High-dimensional morphological profiling captures cellular changes in response to external stimuli such as cytokines, chemokines, growth factors, antibodies and a wide range of other perturbations. Recursion built a comprehensive library of 434 immune stimulants and embarked on a large-scale effort to profile cellular response to not only demonstrate that cellular images are sufficient to appropriately cluster immune perturbations by function but to rapidly employ these states for high-throughput drug screening applications.
Cells constantly sense their microenvironment to maintain homeostasis and respond to infection and malignancy. In response, cells communicate locally and systemically with a highly diverse array of secreted factors. Both underfunctioning and overfunctioning abnormalities in this process drive a wide range of diseases, and intervention in this process has yielded some of the most successful drugs available. While these processes are typically studied in isolation, a sufficiently high-throughput and high-dimensional approach unlocks the potential for accurate modeling of the immune system and rapid deployment of phenotypic screening programs. Recursion highlights its work in immunity in a recent preprint where four primary human cell types were treated with the same comprehensive immune stimulant library. The images and high-dimensional embeddings from one of these cell types (HUVEC) are available here.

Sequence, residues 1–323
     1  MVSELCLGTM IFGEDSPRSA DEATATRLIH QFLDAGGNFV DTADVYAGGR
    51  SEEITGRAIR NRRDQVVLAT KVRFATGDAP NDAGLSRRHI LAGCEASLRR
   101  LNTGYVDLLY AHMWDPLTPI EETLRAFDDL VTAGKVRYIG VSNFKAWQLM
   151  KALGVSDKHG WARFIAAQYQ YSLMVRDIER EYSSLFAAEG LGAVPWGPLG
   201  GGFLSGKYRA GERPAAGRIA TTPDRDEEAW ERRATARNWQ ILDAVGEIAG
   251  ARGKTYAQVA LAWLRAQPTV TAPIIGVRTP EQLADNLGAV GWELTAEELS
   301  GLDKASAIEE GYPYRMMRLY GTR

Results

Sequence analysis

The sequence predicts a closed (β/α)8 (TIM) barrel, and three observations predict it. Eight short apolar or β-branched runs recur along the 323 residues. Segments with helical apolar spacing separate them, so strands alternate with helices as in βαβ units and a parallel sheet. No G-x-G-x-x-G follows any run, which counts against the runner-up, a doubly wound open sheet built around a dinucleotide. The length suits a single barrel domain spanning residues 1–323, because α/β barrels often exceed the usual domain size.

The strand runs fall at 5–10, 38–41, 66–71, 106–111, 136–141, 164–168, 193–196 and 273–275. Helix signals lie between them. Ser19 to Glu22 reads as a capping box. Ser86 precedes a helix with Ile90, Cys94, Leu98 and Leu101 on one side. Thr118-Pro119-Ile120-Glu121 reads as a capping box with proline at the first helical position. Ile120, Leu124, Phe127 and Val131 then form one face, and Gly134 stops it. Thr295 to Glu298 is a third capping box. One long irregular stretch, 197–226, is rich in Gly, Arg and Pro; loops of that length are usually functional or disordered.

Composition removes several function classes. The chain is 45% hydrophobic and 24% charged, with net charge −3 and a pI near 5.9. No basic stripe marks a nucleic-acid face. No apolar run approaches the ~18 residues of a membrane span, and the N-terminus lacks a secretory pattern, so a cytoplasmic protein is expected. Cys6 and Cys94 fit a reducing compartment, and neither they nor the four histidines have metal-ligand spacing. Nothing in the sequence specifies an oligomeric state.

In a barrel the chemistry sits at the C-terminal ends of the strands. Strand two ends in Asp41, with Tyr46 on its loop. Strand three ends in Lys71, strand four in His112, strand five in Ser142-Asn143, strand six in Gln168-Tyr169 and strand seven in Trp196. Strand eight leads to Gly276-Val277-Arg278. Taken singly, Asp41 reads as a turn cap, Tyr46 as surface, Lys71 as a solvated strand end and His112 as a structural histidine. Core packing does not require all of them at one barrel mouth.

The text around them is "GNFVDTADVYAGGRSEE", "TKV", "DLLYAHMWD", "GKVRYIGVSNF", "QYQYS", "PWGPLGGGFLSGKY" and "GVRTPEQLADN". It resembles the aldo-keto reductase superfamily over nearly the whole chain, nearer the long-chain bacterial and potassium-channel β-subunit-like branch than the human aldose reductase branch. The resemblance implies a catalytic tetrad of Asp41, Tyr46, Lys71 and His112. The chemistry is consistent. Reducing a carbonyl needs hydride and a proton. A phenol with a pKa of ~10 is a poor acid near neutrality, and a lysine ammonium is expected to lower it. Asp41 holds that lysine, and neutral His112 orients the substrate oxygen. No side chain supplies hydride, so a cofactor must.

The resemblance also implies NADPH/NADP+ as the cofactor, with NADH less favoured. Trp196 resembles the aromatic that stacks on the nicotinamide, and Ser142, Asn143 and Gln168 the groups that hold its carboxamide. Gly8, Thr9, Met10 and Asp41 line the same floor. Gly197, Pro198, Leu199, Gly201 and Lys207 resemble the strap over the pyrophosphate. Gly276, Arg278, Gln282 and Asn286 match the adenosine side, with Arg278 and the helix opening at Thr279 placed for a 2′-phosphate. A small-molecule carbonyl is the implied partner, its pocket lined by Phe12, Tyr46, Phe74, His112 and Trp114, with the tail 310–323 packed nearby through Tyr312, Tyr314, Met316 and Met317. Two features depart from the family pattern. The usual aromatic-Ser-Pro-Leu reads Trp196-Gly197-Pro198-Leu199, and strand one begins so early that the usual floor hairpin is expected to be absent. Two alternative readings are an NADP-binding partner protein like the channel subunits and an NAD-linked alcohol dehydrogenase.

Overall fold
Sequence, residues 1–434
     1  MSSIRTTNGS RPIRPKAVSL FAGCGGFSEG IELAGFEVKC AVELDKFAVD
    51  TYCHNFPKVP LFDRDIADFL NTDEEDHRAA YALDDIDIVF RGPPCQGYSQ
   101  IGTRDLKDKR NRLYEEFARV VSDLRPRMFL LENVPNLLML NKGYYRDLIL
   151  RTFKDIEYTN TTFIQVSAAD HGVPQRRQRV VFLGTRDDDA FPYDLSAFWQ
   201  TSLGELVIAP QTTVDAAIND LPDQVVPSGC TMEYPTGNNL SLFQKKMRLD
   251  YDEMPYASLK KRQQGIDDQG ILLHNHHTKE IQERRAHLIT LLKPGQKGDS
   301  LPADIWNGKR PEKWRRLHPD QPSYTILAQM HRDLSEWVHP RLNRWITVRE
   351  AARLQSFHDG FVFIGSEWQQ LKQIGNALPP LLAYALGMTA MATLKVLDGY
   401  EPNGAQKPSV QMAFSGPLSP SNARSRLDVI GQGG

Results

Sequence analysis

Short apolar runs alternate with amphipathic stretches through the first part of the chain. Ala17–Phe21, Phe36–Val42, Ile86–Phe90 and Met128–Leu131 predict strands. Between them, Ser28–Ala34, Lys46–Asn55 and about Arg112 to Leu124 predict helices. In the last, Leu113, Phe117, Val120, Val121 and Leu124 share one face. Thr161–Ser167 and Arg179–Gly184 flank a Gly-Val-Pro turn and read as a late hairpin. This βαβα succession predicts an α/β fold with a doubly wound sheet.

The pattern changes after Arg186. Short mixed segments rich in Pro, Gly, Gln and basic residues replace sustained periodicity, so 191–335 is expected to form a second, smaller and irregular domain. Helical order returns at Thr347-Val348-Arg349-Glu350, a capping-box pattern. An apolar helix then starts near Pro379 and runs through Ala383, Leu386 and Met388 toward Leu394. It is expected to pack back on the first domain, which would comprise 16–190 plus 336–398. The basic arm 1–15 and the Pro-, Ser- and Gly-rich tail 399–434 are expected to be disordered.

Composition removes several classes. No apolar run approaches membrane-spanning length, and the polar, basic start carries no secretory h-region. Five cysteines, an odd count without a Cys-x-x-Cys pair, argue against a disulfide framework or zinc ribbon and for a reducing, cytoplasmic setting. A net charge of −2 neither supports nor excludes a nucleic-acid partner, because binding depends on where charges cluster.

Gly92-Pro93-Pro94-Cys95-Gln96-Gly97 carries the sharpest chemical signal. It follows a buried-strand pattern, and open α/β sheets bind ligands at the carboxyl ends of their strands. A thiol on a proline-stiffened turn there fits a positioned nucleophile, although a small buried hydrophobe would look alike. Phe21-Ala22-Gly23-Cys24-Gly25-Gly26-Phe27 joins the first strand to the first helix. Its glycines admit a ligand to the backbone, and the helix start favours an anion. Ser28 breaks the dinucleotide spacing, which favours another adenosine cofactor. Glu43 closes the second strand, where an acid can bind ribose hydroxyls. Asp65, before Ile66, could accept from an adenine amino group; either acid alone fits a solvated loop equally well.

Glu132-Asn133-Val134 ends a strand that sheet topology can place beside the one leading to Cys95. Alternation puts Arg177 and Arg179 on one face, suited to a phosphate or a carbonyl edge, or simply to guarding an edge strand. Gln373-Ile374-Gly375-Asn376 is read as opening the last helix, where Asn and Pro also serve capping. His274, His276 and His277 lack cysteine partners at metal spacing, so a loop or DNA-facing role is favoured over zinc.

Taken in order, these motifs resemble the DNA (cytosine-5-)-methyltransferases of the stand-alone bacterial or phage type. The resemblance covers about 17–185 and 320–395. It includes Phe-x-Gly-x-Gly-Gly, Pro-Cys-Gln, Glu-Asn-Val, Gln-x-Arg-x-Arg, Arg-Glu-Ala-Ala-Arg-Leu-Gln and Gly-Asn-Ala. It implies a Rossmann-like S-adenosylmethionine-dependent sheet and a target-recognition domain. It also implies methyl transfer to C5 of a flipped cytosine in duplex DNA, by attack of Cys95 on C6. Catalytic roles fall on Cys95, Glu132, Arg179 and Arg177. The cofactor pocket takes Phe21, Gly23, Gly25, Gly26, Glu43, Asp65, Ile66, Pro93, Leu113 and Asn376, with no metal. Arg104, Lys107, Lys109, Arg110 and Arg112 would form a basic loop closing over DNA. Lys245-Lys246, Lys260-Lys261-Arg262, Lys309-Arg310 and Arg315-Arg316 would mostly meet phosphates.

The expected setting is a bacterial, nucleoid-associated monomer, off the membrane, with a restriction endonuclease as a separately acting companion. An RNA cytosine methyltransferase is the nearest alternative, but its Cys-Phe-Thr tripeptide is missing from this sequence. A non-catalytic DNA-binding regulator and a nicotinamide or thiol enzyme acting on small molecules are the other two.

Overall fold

The library components are annotated by general function in the preprint, which serves as a guide for expected high-dimensional similarity (for example, type-I IFNs generate similar morphology).
RxRx2 demonstrates both the great variety of morphological effects soluble factors have on HUVEC cells and the consistency of these effects within groups of similar function. Through RxRx2, researchers in the scientific community will have access to both the images and the corresponding deep learning embeddings to analyze or apply to their own experimentation. The embeddings are 128-dimensional vectors with one vector for each image and come from Recursion’s internal model trained on additional cell types and perturbation modalities not otherwise released. We provide these embeddings to more easily enable researchers without significant compute resources to still explore and uncover insights from this data. Scientific researchers can use the data to further demonstrate how high-content imaging can be used for screening immune responses and identification of functionally-similar factor groups.
This work is licensed under a Creative Commons Attribution-NonCommercial-ShareAlike 4.0 International License.
The RxRx2 dataset is closely related to datasets previously released by Recursion, although there are some key differences. For ease of comparison and understanding, we provide the following table highlighting the primary differences:
A CSV containing the experiment design, e.g. what cell type and treatment are in each well. The schema is provided in the README.
A large CSV file containing all of the deep learning embeddings for each image.